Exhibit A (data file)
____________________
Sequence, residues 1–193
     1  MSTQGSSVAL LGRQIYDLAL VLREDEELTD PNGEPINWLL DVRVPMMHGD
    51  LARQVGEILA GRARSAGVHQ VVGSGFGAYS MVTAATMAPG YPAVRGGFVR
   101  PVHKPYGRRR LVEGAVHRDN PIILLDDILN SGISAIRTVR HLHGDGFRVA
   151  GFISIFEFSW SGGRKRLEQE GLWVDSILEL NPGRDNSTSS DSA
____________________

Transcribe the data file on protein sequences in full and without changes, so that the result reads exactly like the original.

Sequence, residues 1–193
     1  MSTQGSSVAL LGRQIYDLAL VLREDEELTD PNGEPINWLL DVRVPMMHGD
    51  LARQVGEILA GRARSAGVHQ VVGSGFGAYS MVTAATMAPG YPAVRGGFVR
   101  PVHKPYGRRR LVEGAVHRDN PIILLDDILN SGISAIRTVR HLHGDGFRVA
   151  GFISIFEFSW SGGRKRLEQE GLWVDSILEL NPGRDNSTSS DSA